York Street gardens will close at 3 p.m. on Friday, July 21 for a concert. Other early closings.
Xeriscape sometimes summons images of oceans of gravel and harsh, stickly, pointy plants that stab, slash and terrorize homeowner associations. A primrose? Really? Well, there are even primroses that can do with much less water than many people pour on their gardens, and the oxlip (famous in English Literature--even Shakespeare writes about it!) has proved itself for decades in a number of local gardens. Thanks to the Plant Select program, this and a host of other unique plants will debut across the country this spring. Oxlips do best in at least a half day's shade, but given a rich soil, mulching and occasional good watering, they will even grow in full sun in Colorado. They combine especially well with graceful, brilliant blue flowers like the Siberian squill pictured above.
Although quite widely distributed in the foothills of the Southern Rockies, I have only stumbled on Scott's clematis a few times, so I suspect it is not exactly abundant. It has been produced abundantly by Plant Select propagators this past year and you should be able to find it in local garden centers this spring. The nodding, lavender bells vary from almost gray to a dark, almost black blue in some forms. As you can see, it makes a compact mound with those irresistible blue bubbles visitors at Denver Botanic Gardens simply have to squeeze...speaking for the plant, please don't!
This clematis belongs to the "Sugarbowl" section of the genus (sometimes classed as its own genus: Viorna) which includes a dozen or more of the rarest and most beautiful herbaceous clematis. This is likely to be the most drought tolerant of the lot--and the flowers last for much of the spring and early summer: we have had flowers into the autumn on larger plants--and the seedheads are a bright gold and almost as decorative. This plant is a must have for anyone interested in growing xeric plants.
The "alumroots" (a dreadful name), or coralbells (whew!) are entirely restricted to North America, mostly concentrated in the Western States and Appalachians. They have been intensively bred for foliage color by Terra Nova nursery in recent decades. I love the wonderful lacy flowers that brighten up dark cliffs all over the west. This is one of the most restricted in nature, but most accommodating in the garden.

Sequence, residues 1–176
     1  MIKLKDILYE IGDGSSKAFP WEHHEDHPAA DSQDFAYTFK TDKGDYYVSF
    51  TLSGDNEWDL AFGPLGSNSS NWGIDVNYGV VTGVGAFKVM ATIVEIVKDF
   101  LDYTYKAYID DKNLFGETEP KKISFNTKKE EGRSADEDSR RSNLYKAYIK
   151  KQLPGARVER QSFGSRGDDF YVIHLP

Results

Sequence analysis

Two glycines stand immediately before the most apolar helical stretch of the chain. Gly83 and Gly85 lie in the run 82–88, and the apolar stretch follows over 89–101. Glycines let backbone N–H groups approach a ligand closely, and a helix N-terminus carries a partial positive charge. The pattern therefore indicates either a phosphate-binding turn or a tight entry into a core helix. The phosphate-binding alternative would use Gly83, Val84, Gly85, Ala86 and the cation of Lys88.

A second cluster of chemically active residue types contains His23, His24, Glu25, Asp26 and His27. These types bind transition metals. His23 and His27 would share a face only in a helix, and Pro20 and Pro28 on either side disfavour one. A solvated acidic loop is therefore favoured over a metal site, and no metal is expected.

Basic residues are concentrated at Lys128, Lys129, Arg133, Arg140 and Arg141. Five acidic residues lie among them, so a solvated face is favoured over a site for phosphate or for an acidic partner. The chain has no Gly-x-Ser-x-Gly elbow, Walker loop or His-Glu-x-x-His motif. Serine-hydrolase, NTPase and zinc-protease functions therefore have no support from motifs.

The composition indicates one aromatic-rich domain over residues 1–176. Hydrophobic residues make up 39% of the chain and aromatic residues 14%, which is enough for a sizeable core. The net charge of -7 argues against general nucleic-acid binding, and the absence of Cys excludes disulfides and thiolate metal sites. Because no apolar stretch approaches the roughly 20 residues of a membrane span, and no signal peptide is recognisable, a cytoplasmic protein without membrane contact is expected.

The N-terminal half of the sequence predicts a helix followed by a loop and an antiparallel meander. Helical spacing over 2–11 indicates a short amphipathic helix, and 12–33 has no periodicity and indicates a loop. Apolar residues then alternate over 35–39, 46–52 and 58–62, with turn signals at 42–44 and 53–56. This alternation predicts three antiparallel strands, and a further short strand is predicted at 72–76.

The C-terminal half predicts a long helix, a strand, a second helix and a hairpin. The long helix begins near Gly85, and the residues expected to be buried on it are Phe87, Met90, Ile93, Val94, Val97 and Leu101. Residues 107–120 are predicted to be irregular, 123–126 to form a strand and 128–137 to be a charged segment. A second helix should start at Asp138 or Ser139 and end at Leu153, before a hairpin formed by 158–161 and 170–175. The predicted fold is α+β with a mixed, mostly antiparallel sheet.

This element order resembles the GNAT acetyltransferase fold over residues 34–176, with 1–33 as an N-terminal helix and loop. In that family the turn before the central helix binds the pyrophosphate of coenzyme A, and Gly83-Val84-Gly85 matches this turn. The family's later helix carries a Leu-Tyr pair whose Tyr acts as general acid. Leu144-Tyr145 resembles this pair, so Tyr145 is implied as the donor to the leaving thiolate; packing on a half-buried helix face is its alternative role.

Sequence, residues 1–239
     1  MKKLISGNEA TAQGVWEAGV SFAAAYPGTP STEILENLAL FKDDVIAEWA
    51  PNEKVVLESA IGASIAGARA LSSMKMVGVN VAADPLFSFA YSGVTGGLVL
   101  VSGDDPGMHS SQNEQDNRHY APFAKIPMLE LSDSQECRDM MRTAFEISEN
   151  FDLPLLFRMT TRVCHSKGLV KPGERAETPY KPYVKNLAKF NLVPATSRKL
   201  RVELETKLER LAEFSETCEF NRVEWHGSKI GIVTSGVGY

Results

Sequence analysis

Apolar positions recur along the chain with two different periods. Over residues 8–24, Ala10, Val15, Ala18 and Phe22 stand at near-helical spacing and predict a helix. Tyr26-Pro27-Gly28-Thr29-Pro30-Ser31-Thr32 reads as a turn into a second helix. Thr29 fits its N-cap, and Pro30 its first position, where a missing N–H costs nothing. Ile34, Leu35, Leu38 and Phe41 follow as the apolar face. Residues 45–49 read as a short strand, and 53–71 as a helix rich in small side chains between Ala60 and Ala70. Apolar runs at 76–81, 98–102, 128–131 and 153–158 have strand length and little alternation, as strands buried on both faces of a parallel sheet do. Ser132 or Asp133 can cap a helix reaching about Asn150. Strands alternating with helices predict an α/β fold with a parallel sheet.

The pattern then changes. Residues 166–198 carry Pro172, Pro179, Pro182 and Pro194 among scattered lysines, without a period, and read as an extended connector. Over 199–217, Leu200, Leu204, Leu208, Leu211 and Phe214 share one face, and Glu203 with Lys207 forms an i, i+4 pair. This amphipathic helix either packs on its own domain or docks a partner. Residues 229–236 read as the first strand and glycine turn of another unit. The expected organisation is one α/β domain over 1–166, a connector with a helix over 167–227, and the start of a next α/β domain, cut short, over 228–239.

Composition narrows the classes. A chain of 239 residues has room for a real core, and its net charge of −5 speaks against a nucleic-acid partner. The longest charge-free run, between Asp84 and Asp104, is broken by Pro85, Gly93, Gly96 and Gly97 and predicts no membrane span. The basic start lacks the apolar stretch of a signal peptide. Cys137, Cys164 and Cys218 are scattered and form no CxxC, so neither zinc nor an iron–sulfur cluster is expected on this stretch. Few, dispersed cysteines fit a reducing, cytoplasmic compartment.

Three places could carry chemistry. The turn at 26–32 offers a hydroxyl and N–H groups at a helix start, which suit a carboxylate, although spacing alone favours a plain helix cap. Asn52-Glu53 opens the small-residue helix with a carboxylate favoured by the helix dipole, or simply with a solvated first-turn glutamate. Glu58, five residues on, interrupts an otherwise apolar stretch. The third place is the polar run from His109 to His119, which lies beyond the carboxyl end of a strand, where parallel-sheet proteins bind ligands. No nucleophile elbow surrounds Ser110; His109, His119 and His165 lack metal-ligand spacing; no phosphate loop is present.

These three plants are the first sampling of Plant Select Petites, an expansion of Plant Select which seeks to provide more compact plants for the more intimate setting many of our more modern urban and suburban patio gardens, permanent outdoor containers and ever popular rock gardens which have become a hallmark of regional horticulture. There are another five outstanding introductions that continue to expand our regional palette of adapted and gorgeous plants that provide year around interest with less fuss, water and grief. I will write more on these later this spring...
But I believe a trumpet blast is merited at the start of the new year for a new facet of this extraordinary program that has put tens of millions of wonderful plants into gardens across America and beyond. One of my favorite maps shows precipitation in North America where 20" or less is shown in red shades and 20" or more annual precipitation is progressively bluer. The east half and far left coast of America are bluish to be sure, but much of the middle and all the West except the mountain tips is painted in bright pink shades--nay! much of it quite red or deep vermilion. Drought is the norm. Each snowfall lulls us into complacency--but do remember, we live in a semi-arid region in which prolonged, deep drought is not an unusual event. Stop watering for a week or two in summer and you'll figure it out if you haven't yet. If our gardens are to survive into the future, it behooves us to develop a palette of plants that will be viable in our progressively more water restricted landscapes of the future. Thank you, Plant Select for leading the way! And keep up the good work.